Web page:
Monday, December 22, 2014


Cover Story

Corruption and greed

1/15/2014

As Des Moines’ only alternative news weekly, we make sure we keep our focus local when reporting on the good, bad and ugly of current events, people and issues. But sometimes it’s prudent, enlightening and even entertaining to see what’s going on elsewhere in the country. So with the help of our friends at Watchdog.org we bring you a top-10 list of some of 2013 most depraved, mischievous and down right unscrupulous people in the political arena across the country.

Watchdog reporters dug up some dirty dogs to compile a list of 30 in all. We narrowed the focus to the 10 biggest A-holes on the list. We suspect our readers will be as outraged by these reports as we are.

 

No. 10 – Obama’s loyal liar

Chad Henderson

Chad Henderson

DM Art Center

GEORGIA — In the days after the federal health insurance exchange went live on Oct. 1, the national media was scrambling to find somebody, anybody who had been able to navigate the glitch-ridden, error-filled website and purchase a health insurance plan. They found one guy: Chad Henderson. Henderson bragged on his Facebook page that he was interviewed by “The Wall Street Journal, Washington Post, Chattanooga Times Free Press, The Huffington Post, Enroll America, and Politico,” along with several local TV affiliates. His story supposedly was proof that for all their glitches and problems — and the ambivalence of young people — the new health insurance exchanges were working as intended. 

Except it was all a lie. Henderson was a former Barack Obama presidential campaign volunteer and a member of the president’s Organizing for America, a nonprofit created after Obama’s re-election to push for his policy objectives. After he was caught by Reason Magazine’s Peter Suderman, Henderson said he told his fake story about signing up for health insurance because he wanted to see the Affordable Care Act succeed. After all, what’s more important: telling the truth, or public opinion about the president’s signature legislative accomplishment? – Eric Boehm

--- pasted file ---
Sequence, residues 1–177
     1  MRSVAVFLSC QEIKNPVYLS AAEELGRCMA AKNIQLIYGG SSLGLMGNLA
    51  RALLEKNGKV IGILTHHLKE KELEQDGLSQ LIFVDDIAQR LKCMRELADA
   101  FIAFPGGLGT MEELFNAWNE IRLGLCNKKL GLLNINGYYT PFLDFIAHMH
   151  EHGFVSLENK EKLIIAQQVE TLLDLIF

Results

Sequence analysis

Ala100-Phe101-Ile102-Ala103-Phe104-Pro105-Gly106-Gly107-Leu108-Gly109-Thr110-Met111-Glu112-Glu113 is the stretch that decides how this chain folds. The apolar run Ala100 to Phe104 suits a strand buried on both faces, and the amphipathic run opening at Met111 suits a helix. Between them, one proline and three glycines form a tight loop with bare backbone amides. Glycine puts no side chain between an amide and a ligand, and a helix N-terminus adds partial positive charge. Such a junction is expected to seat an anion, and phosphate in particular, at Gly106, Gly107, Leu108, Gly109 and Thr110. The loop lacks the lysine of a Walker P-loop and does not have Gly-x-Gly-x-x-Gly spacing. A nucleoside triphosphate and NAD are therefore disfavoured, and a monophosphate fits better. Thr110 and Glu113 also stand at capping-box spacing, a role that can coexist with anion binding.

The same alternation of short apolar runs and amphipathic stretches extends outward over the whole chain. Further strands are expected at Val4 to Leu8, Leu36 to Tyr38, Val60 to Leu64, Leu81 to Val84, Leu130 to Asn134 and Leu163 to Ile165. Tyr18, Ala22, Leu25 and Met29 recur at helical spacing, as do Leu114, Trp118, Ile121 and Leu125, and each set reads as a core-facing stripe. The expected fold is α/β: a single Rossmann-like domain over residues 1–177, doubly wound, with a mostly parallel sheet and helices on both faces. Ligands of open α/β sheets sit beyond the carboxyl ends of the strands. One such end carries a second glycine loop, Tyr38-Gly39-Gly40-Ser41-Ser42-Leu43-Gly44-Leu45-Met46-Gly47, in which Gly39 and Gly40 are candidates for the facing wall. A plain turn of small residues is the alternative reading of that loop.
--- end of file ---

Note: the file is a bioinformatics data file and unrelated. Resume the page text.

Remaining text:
No. 9 – The big fat faker

Joe Derrico

Joe Derrico

NEW JERSEY — Former Hamilton Township police officer Joe Derrico is the poster child for a New Jersey public pension system that faces a $41 billion shortfall. While collecting disability retirement checks for a leg injury he said he received on the job, Derrico starred on “Bear Swamp Recovery,” a truTV cable network reality show on vehicle repossessions by the “baddest towing team in Jersey,” where Derrico is seen running after a truck, pulling a man down from the driver’s seat and throwing him to the ground among other actions of the like. Following a New Jersey Watchdog investigation, a state board stripped Derrico of his $69,703 a year tax-free pension. – Mark Lagerkvist

 

No. 8 – Viking pillage

Zygl Wilf

Zygl Wilf

MINNESOTA — The 2012 New York Observer headline said it all: “Zygi Wilf Becomes Most-Hated Man in Minnesota After Buying Park Avenue Penthouse.” The principal owner of the Minnesota Vikings football team, Wilf provoked outrage when it emerged that he’d purchased a $19 million Manhattan penthouse — even as his lobbyists gave Minnesota legislators the hard-sell for a half-billion-dollar subsidy on a new $975 million stadium. The lobbying effort and the backlash produced a wonderful Twitter hash tag: #Wilfare.

The warfare over Wilfare came before a New Jersey court ruled in August that Wilf, his brother and cousin committed fraud, breach of contract and violated state civil racketeering laws in a 21-year-old civil court dispute. “The bad faith and evil motive were demonstrated in the testimony of Zygi Wilf himself,” said Judge Deanne Wilson in assessing the Wilfs $84.5 million in damages — a major penalty even by National Football League standards. When the team crossed the legislative goal line, taxpayers were on the hook for $500 million, while the team’s portion was $475 million. Or was it?

An instant replay showed $100 million might come from the Wilfs’ pockets with the NFL kicking in a $200 million loan and grant, $100 million from fans paying up to $10,000 for seat licenses and $135 million from stadium naming rights. A recent hurry-up state audit of the team’s books cleared the way for Wilf and Gov. Mark Dayton to break ground on the new stadium, digging a deeper hole for Minnesota taxpayers. – Tom Steward

 

No. 7 – Paid for by drug money

Bob and Maureen McDonnell

Bob and Maureen McDonnell